Graduate student fears she was victimized by Georgetown rabbi

Media Credit: Katie Causey | Hatchet Staff Photographer

A rabbi at Kesher Israel was charged with six counts of voyeurism for allegedly setting up a hidden camera in a changing stall used for a private ritual bath. The rabbi, Barry Freundel, has also taught at GW as a part-time faculty member.

Media Credit: Katie Causey | Hatchet Staff Photographer
A rabbi at Kesher Israel was charged with six counts of voyeurism for allegedly setting up a hidden camera in a changing stall used for a private ritual bath. The rabbi, Barry Freundel, has also taught at GW as a part-time faculty member.

When Stephanie Doucette was a junior at GW, she started the months-long process of converting to Orthodox Judaism, meeting with a local rabbi and twice practicing a ritual bath to prepare for the conversion.

Now she is one of potentially several women who may have been secretly filmed by that rabbi during ritual baths at a Georgetown synagogue. Barry Freundel was charged with six counts of voyeurism in D.C. Superior Court last week for setting up a video camera disguised as a clock radio inside a changing stall used during the baths. He has pleaded not guilty.

“Now I have to deal with the fact that I might have been one of the women he videotaped,” Doucette said. “My first reaction was I was very angry. After a week I think things started to hit me and I found myself very depressed and not sure of myself. If I hear a loud noise when I change in my room, I jump.”

Doucette moved to Maryland last spring after graduating from GW and decided not to complete her conversion with Freundel. She had begun to feel uncomfortable at the synagogue after other male members made sexual comments to her, which she said Freundel “shrugged off.”

“He explained, ‘Well, Stephanie, you’re an attractive young female so no matter what community you go to, this is a problem you’ll have.’ He was also like, ‘If I was younger and single, I’d be into you,’” said Doucette, now a first-year graduate student in the Elliott School of International Affairs. “I found myself backing away and keeping things at a bare minimum with him.”

Freundel taught religion courses as a part-time faculty member at GW as recently as spring 2008, said University spokeswoman Maralee Csellar. Csellar said she did not know if other students had worked with Freundel.

Freundel, 62, also taught at GW in fall 1998 and spring 2000.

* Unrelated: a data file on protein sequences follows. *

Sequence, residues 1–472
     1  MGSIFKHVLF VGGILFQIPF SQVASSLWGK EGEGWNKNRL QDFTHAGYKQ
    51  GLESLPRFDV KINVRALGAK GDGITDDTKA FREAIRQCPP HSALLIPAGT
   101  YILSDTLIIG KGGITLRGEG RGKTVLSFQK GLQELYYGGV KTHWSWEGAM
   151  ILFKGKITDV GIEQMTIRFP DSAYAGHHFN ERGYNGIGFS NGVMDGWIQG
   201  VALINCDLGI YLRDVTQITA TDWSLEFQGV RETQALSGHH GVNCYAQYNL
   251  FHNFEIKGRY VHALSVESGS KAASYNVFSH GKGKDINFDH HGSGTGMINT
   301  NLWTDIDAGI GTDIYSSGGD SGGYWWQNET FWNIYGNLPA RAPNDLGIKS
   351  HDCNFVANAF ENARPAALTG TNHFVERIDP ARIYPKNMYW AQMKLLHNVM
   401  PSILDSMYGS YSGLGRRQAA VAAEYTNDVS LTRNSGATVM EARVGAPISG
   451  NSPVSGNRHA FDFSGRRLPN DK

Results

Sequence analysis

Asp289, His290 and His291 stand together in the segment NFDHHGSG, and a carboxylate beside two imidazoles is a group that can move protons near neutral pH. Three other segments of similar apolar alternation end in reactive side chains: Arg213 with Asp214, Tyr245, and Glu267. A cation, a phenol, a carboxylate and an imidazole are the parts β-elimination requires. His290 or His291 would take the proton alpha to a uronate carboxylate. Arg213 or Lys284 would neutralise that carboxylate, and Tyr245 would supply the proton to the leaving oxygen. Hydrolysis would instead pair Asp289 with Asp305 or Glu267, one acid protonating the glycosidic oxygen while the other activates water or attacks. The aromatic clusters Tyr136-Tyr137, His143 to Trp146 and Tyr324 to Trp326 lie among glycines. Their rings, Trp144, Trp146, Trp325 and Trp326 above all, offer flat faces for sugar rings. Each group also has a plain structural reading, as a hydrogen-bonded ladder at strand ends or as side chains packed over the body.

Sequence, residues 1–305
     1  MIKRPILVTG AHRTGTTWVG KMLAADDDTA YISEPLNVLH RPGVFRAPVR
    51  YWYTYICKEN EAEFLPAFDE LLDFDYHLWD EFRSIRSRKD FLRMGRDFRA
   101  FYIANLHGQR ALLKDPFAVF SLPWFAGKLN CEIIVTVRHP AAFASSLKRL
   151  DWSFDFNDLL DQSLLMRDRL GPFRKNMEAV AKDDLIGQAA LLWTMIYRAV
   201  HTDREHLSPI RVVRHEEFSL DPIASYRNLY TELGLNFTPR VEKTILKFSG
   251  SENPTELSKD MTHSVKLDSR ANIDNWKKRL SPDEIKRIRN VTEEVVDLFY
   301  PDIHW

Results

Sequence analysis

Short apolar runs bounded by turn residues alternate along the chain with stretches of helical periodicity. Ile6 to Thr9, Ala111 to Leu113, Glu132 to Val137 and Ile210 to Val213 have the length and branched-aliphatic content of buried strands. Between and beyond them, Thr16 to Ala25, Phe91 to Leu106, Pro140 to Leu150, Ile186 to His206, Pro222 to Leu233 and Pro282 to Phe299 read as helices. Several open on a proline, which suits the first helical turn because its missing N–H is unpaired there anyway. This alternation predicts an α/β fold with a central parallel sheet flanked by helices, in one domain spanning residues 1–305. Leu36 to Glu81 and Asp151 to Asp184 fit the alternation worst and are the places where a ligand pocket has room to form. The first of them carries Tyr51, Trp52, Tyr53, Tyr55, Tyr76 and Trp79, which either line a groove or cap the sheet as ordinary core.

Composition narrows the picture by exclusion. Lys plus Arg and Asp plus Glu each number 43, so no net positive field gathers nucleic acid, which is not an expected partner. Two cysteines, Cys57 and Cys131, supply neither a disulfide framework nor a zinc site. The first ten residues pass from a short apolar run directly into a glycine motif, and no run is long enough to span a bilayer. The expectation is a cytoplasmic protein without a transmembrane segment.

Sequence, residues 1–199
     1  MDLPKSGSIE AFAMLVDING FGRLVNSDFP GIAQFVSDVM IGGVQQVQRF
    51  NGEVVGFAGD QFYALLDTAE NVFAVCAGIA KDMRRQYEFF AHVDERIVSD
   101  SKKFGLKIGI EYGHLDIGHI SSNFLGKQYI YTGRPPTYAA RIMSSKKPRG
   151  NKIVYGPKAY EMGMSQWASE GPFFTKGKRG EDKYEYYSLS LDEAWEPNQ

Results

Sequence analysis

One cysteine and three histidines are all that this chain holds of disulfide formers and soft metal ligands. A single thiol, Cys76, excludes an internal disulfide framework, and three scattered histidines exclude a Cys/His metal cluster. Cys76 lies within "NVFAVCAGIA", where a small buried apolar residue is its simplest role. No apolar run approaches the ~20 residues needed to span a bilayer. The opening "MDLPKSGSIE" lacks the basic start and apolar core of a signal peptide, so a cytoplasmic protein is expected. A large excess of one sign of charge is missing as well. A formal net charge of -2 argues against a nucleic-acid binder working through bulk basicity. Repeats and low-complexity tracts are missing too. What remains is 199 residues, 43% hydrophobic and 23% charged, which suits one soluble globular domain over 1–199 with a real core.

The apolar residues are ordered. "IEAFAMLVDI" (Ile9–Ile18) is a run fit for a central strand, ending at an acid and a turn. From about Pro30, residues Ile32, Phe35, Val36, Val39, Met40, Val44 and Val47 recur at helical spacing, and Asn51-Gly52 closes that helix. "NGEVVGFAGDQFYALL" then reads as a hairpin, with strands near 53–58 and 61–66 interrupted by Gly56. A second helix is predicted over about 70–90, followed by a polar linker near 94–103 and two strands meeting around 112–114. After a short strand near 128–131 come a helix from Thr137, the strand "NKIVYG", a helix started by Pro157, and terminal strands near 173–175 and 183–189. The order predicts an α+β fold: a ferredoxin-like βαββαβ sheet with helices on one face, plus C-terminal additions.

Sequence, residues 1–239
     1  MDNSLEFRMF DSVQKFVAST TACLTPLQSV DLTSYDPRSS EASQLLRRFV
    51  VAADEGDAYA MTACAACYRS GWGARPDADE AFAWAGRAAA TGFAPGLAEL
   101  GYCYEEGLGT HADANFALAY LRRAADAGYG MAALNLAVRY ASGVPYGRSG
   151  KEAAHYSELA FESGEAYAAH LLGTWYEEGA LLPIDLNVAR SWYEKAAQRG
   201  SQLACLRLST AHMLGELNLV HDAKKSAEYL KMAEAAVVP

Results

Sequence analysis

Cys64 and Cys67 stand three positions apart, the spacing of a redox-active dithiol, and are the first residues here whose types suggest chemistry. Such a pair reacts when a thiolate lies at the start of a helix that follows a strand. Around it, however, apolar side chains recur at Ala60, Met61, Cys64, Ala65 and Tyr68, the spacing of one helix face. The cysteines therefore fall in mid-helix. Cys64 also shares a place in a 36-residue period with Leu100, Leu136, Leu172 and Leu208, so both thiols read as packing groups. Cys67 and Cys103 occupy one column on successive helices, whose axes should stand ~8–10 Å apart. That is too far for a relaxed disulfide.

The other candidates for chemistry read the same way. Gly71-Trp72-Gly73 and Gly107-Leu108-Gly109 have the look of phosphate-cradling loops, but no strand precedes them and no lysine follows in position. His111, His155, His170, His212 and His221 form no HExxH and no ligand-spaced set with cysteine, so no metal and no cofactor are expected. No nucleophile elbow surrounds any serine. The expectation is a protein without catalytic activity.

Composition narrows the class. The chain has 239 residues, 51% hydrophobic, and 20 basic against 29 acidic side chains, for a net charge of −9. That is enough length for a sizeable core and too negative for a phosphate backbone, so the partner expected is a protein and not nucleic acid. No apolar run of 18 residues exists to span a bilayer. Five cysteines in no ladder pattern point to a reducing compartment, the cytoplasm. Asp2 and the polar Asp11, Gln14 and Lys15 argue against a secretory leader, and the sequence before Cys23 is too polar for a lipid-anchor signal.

Robert Eisen, the chair of the religion department and a professor of religion and Judaic Studies, said a “handful” of GW students every year have attended services at Freundel’s synagogue, Kesher Israel, located at 28th and N streets in Georgetown, though the number of Orthodox students at GW is relatively small. Kesher Israel is the only Orthodox synagogue near campus.

Eisen, who is a former member of the synagogue, said he hired Freundel to teach courses at the University and fill in for him while he was on sabbatical. He called the allegations “upsetting and shocking.”

“He was an intellectual, a gigantic personality, a very important leader and rabbi in the orthodox community,” Eisen said. “No one really saw this coming.”

As a member of a D.C. kosher supervision agency, Freundel also met “a number of times” with Rabbi Yoni Kaiser-Blueth, the director of GW Hillel, to discuss the kosher eating options that will be offered in GW Hillel’s renovated building, Kaiser-Blueth said.

When Kaiser-Blueth was hired in 2010, he also met with Freundel as part of his interview process.

“The search committee felt it was important for candidates to meet with a broad swath of GW and community professionals,” Kaiser-Blueth said.

He said he did not know of other students besides Doucette who had been going through the conversion process with Freundel, and said he will focus on creating a “safe place” for staff and students to discuss the allegations or express concerns. The full impact of the allegations will “come in focus as the investigation unfolds,” Kaiser-Blueth said.

Metropolitan Police Department detectives say they have found video footage of six women in “various stages of undress,” and set up a hotline and email address this week for other possible for victims to report their connections to Freundel. Doucette said she submitted a photo of herself to MPD so detectives can search for her face in the video footage.

Freundel, who could face up to six years in prison, has been suspended without pay from Kesher Israel. He was also suspended from his teaching job at Towson University in Baltimore. More cameras were found in his Towson University office, and he has been accused of taking Towson students on field trips to the synagogue’s bath.

The bath, known as a mikvah, is used primarily in the process of converting to orthodox Judaism and by orthodox Jewish women for monthly cleansing. Doucette said detectives told her it would be a “few weeks” before she would know if she is one of the women filmed.

“It’s such a personal violation especially when it comes through a religious practice. Your religion should be beautiful and they have turned it into something so ugly,” Doucette said.

The Rabbinical Council of America revealed it knew about past allegations of inappropriate behavior, though not sexual misconduct, brought against Freundel, such as conversion candidates who felt “coerced” to do clerical work in his home, the DCist reported.

Freundel is due back in court Nov. 12.

The Hatchet has disabled comments on our website. Learn more.